Potential dark galaxies[edit]

FAST J0139+4328[edit]

Located 94 million light years away from Earth, this galaxy is visible in radio waves with minimal visible light.[14]


HE0450-2958 is a quasar at redshift z=0.285. Hubble Space Telescope images showed that the quasar is located at the edge of a large cloud of gas, but no host galaxy was detected for the quasar. The authors of the Hubble study suggested that one possible scenario was that the quasar is located in a dark galaxy.[15] However, subsequent analysis by other groups found no evidence that the host galaxy is anomalously dark, and demonstrated that a normal host galaxy is probably present,[16][17] so the observations do not support the dark galaxy interpretation.

HVC 127-41-330[edit]

HVC 127-41-330 is a cloud rotating at high speed between Andromeda and the Triangulum Galaxy. Astronomer Josh Simon considers this cloud to be a dark galaxy because of the speed of its rotation and its predicted mass.[18][19]

Smith's Cloud[edit]

Smith's Cloud is a candidate to be a dark galaxy, due to its projected mass and survival of encounters with the Milky Way.[20]


Initially discovered in 2000, VIRGOHI21 was announced in February 2005 as a good candidate to be a true dark galaxy.[11][21][22][23] It was detected in 21-cm surveys, and was suspected to be a possible cosmic partner to the galaxy NGC 4254. This unusual-looking galaxy appears to be one partner in a cosmic collision, and appeared to show dynamics consistent with a dark galaxy (and apparently inconsistent with the predictions of the Modified Newtonian Dynamics (MOND) theory).[24] However, further observations revealed that VIRGOHI21 was an intergalactic gas cloud, stripped from NGC4254 by a high speed collision.[25][26][27] The high speed interaction was caused by infall into the Virgo cluster.

See also[edit]


  1. ^ "First evidence of dark galaxies from the early Universe spotted". Zmescience.com. 2012-07-11. Retrieved 2012-08-13.
  2. ^ Cannon, John M.; Martinkus, Charlotte P.; Leisman, Lukas; Haynes, Martha P.; Adams, Elizabeth A. K.; Giovanelli, Riccardo; Hallenbeck, Gregory; Janowiecki, Steven; Jones, Michael (2015-02-01). "The Alfalfa "Almost Darks" Campaign: Pilot VLA HI Observations of Five High Mass-To-Light Ratio Systems". The Astronomical Journal. 149 (2): 72. arXiv:1412.3018. Bibcode:2015AJ....149...72C. doi:10.1088/0004-6256/149/2/72. ISSN 0004-6256. S2CID 118592858.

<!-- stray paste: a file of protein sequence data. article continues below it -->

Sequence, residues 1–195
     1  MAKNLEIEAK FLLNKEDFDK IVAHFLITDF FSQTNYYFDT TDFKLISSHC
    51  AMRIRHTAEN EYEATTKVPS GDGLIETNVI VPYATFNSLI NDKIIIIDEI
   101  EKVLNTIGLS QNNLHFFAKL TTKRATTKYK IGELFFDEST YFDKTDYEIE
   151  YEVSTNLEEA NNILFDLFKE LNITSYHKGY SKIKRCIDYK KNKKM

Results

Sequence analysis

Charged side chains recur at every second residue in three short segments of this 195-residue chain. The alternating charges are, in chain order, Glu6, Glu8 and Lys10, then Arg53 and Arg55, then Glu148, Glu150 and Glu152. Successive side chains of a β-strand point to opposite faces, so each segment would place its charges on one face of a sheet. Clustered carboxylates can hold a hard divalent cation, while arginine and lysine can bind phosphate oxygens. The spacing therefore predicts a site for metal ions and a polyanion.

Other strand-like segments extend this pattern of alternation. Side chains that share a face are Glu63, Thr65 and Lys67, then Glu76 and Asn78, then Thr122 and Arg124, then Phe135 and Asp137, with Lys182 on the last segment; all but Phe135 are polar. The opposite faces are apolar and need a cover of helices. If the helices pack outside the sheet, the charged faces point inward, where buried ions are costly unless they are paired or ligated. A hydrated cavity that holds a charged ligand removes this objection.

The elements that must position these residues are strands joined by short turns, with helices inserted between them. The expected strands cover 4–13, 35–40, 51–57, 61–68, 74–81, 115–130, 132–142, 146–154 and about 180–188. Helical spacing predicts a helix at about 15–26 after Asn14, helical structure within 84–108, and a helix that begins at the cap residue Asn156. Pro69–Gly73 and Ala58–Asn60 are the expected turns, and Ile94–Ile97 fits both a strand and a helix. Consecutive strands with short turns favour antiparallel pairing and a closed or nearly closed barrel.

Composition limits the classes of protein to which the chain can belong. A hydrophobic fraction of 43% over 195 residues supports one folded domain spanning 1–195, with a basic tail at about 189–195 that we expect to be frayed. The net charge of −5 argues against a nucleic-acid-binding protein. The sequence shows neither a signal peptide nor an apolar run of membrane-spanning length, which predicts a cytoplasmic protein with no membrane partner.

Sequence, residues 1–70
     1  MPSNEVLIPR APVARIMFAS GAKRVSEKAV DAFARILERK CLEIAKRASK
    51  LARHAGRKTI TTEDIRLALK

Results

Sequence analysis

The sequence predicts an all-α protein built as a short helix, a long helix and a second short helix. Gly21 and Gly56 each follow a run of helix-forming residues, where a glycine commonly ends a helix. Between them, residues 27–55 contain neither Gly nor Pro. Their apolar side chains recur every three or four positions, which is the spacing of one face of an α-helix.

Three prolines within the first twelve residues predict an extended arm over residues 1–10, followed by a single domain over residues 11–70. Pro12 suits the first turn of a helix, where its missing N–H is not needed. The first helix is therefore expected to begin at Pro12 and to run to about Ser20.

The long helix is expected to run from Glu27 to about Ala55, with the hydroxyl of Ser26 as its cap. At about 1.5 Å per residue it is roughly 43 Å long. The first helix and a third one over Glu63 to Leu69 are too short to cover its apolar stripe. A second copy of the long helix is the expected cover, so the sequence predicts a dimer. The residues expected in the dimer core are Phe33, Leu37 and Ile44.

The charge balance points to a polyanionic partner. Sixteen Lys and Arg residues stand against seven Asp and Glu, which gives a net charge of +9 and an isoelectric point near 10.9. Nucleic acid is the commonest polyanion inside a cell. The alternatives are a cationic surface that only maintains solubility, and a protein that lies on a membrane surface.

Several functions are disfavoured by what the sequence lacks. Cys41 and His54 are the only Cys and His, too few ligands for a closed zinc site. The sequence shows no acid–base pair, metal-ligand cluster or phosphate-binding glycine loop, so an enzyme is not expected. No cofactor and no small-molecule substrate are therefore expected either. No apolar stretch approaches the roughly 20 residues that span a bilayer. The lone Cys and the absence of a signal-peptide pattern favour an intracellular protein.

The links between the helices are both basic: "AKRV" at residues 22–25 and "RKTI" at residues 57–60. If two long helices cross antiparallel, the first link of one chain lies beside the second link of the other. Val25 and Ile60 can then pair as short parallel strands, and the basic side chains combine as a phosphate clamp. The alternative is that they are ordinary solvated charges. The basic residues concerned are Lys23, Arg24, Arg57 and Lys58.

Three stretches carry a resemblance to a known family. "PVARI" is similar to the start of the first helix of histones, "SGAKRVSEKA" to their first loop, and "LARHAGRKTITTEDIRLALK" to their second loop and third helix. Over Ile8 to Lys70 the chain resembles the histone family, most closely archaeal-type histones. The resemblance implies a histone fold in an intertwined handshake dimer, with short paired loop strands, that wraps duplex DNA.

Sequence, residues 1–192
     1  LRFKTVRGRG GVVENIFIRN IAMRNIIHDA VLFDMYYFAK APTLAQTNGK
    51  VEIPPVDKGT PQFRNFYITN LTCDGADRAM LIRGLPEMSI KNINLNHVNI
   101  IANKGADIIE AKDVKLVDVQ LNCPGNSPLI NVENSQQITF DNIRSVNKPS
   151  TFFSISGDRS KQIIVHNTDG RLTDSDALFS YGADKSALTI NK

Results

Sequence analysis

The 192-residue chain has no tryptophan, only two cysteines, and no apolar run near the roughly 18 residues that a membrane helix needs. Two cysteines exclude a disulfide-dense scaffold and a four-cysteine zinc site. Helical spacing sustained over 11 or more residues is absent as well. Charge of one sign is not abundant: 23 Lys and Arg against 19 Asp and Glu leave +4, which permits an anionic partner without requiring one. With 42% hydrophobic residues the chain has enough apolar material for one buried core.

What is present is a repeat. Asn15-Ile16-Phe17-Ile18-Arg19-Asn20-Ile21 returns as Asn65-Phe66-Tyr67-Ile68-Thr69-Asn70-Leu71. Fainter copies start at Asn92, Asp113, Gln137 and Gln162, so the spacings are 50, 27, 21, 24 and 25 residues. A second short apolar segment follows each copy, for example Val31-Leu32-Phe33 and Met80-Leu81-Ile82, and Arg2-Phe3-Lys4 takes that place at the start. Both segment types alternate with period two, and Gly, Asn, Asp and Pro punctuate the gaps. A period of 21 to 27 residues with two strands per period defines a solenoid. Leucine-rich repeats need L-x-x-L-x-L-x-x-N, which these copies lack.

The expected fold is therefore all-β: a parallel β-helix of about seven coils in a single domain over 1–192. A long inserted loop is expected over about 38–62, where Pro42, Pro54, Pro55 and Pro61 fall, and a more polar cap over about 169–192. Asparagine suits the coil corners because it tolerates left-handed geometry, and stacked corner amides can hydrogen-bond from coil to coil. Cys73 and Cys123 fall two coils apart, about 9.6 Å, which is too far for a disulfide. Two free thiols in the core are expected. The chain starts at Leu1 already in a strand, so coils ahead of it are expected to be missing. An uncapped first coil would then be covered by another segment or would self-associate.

3. ^ Oosterloo, T. A.; Heald, G. H.; De Blok, W. J. G. (2013). "Is GBT 1355+5439 a dark galaxy?". Astronomy & Astrophysics. 555: L7. arXiv:1306.6148. Bibcode:2013A&A...555L...7O. doi:10.1051/0004-6361/201321965. S2CID 118402005.
  4. ^ "The Arecibo Legacy Fast ALFA Survey". egg.astro.cornell.edu. Retrieved 2015-09-29.
  5. ^ Janowiecki, Steven; Leisman, Lukas; Józsa, Gyula; Salzer, John J.; Haynes, Martha P.; Giovanelli, Riccardo; Rhode, Katherine L.; Cannon, John M.; Adams, Elizabeth A. K. (2015-03-01). "(Almost) Dark HI Sources in the ALFALFA Survey: The Intriguing Case of HI1232+20". The Astrophysical Journal. 801 (2): 96. arXiv:1502.01296. Bibcode:2015ApJ...801...96J. doi:10.1088/0004-637X/801/2/96. ISSN 0004-637X. S2CID 119271121.
  6. ^ Van Dokkum, Pieter; et al. (25 August 2016). "A High Stellar Velocity Dispersion and ~100 Globular Clusters For The Ultra-Diffuse Galaxy Dragonfly 44". The Astrophysical Journal Letters. 828 (1): L6. arXiv:1606.06291. Bibcode:2016ApJ...828L...6V. doi:10.3847/2041-8205/828/1/L6. S2CID 1275440.
  7. ^ Hall, Shannon (25 August 2016). "Ghost galaxy is 99.99 per cent dark matter with almost no stars". New Scientist. Retrieved 27 August 2016.
  8. ^ Feltman, Rachael (26 August 2016). "A new class of galaxy has been discovered, one made almost entirely of dark matter". The Washington Post. Retrieved 26 August 2016.
  9. ^ a b Fraser Cain (2007-06-14). "No Stars Shine in This Dark Galaxy". Universetoday.com. Retrieved 2012-08-13.
  10. ^ "Arecibo Survey Produces Dark Galaxy Candidate". Spacedaily.com. 2006-04-07. Retrieved 2012-08-13.
  11. ^ a b Stuart Clark. "Dark galaxy' continues to puzzle astronomers". New Scientist. Retrieved 2008-02-26.